Financial Post, June 21, 2016 - Housing gridlock — that’s what realtors call it. Affordability issues leave you stuck in your existing home, but looking for a better living space. About the only move left for Canadians demanding a better home has been to renovate the one they have, which has led to record levels of spending on home improvement. A new survey from Canadian Imperial Bank of Commerce out Wednesday suggests that Canadians are now turning their attention to landscaping — a renovation that doesn’t do much for the appreciation of home values.
The findings from the bank might be another clear sign that Canadians are settling into their current houses because of the state of the market, which is increasingly being choked by a lack of affordability.
“The shift in focus from indoors to outdoors is surprising,” said Barry Gollom, vice-president, mortgages and lending, with CIBC.
Between May 19 and 25, 2016, Angus Reid surveyed 2,129 people online about their renovation plans. The top project was basic maintenance, cited by 54 per cent of respondents, down slightly from 55 per cent in 2015. The big jump was in landscaping, with 42 per cent of respondents planning some type of project, up from 25 per cent a year ago.
Gollom said “landscaping, patio and deck,” is a growing phenomenon and might indicate that people have spent so much money inside their house, that they are now turning their attention to the outside.
Separately, Altus Group has noted that renovation spending in 2014 was $20 billion more than was spent on new homes that year. In 2015, Canadians spent $70.1 billion on renos and Altus forecasts that figure to climb to $71.4 billion this year.
The CIBC survey backs that up, with the average renovation project coming in at $13,017, up from the $12,293 average in 2015, although the bank says only 37 per cent of Canadian homeowners plan to renovate this year versus 40 per cent in 2015.
Bathroom renovations were cited by 33 per cent of respondents, down from 40 per cent in 2015. Only 26 per cent plan to update a kitchen in 2016 versus 31 per cent who said they would in 2015.
“I think the shift has gone from seeing renovation as an investment — the return you see from a bathroom or a kitchen tends to be much higher than on landscaping,” said Gollom. “I think there is focus on quality of life versus the return.”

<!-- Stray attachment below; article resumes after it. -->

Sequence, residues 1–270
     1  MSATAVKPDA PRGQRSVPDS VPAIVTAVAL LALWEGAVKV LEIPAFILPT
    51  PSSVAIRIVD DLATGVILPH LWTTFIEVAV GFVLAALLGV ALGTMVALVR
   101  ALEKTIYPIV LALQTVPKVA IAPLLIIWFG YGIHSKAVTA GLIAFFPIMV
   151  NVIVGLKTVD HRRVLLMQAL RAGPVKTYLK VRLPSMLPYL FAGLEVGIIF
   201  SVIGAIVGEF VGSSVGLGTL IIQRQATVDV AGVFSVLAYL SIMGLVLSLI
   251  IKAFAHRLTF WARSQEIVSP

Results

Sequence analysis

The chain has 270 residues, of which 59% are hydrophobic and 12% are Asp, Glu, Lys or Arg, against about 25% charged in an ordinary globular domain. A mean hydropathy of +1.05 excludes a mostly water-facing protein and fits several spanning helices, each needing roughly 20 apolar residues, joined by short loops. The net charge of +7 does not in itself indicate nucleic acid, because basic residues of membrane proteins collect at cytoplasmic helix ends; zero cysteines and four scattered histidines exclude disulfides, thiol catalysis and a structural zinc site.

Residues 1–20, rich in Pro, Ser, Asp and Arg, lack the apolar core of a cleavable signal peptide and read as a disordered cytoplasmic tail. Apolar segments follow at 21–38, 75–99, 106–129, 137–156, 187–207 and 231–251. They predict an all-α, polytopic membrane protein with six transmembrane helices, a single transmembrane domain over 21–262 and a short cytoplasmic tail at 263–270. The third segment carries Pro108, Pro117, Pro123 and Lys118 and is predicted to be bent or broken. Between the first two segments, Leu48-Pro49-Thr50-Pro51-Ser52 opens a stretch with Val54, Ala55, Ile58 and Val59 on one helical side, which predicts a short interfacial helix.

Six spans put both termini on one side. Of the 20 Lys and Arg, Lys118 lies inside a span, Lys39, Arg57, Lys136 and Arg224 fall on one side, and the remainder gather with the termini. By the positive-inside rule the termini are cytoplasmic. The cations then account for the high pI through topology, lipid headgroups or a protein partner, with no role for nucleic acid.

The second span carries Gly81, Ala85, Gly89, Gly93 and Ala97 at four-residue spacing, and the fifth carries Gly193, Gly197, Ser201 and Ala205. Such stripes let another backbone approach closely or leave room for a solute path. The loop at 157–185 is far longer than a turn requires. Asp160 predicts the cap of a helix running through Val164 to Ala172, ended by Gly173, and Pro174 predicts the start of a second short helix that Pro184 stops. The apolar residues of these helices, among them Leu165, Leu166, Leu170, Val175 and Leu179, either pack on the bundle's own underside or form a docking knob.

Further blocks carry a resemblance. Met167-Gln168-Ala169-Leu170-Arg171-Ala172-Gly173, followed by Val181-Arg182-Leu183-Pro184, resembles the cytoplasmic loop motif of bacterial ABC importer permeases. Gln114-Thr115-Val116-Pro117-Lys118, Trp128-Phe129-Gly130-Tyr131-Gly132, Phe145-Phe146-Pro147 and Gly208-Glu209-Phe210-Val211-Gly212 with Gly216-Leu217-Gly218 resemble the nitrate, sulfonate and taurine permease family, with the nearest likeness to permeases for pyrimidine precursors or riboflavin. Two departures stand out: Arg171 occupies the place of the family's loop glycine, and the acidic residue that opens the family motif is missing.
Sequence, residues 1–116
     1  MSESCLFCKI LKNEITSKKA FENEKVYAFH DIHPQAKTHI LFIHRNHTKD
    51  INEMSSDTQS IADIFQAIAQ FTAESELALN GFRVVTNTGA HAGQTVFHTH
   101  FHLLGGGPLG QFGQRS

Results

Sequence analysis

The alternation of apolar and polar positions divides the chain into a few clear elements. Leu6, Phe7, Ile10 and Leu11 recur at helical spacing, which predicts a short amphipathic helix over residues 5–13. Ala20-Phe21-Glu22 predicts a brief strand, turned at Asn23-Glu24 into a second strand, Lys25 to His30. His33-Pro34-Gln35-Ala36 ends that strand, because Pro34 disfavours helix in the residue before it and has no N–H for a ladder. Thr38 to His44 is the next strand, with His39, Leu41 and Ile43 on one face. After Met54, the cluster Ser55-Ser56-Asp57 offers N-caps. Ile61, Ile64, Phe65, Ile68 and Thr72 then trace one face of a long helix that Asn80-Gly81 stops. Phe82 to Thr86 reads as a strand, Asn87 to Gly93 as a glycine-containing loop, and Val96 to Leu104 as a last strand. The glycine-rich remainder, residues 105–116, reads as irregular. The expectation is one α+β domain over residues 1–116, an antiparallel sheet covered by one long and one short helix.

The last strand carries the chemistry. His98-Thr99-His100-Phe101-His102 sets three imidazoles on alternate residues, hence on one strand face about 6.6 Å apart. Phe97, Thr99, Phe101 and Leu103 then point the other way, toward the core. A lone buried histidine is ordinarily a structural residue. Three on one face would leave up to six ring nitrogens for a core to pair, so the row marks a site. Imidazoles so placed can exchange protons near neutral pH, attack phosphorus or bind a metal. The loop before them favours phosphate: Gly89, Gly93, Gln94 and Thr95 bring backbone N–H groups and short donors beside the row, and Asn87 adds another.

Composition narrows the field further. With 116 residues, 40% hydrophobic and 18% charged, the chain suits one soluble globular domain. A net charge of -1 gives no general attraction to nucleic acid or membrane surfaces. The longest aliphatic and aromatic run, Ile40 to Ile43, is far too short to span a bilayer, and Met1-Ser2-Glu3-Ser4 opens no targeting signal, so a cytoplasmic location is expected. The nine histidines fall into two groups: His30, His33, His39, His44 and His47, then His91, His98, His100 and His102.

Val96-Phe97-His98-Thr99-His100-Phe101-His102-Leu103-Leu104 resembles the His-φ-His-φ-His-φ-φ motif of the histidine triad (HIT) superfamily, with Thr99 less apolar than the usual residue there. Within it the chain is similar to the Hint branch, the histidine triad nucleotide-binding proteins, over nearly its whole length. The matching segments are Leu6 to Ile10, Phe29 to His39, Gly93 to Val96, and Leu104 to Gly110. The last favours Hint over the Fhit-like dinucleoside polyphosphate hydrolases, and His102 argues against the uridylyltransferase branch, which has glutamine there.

Interestingly enough, renovation spending is highest in struggling Alberta, with the average homeowner planning a project worth an average $22,951, up from $13,520 a year earlier. In British Columbia the average project is expected to drop to $15,522 from $16,639, while in Ontario panelists said their spending would drop to $13,878 from $15,487 a year earlier.
Benjamin Tal, the deputy chief economist with CIBC, says renovation spending has “mostly stabilized” at this point but at a “very high level” he doesn’t expect to decline very soon.
“At first you had a lot of pent up demand from the recession in 2000 and that was behind much of the activity in the first half of the last decade, but in the second half after 2008-2009 you had the beginning of a new trajectory,’ said Tal, adding that the current renovation market is driven by housing prices. “Basically, people are unable to buy what they want.”
The lack of available product has been cited by real estate boards in both Toronto and Vancouver, which have been the driving forces of the housing boom in Canada. In May, detached home prices rose 36.9 per cent from a year earlier in Metro Vancouver to $1,513,800 and in the Greater Toronto Area detached home prices rose 18.9 per cent during the same period to $986,691.
Brad Henderson, chief executive of Sotheby’s International Realty Canada, said he can’t say exactly how directly this housing gridlock is leading to renovation, but it’s part of what is driving home repairs.
“Whilst people are fascinated by the price of homes, more and more people are not selling because, by the time I sell, pay commissions, pay land transfer tax, and go through the hassle of moving I may not be any better off than I am. So, what I’ll do is renovate and just stay where I am,” he says. “As more and more people choose not to put homes on the market it just encourages upward pressure on prices.”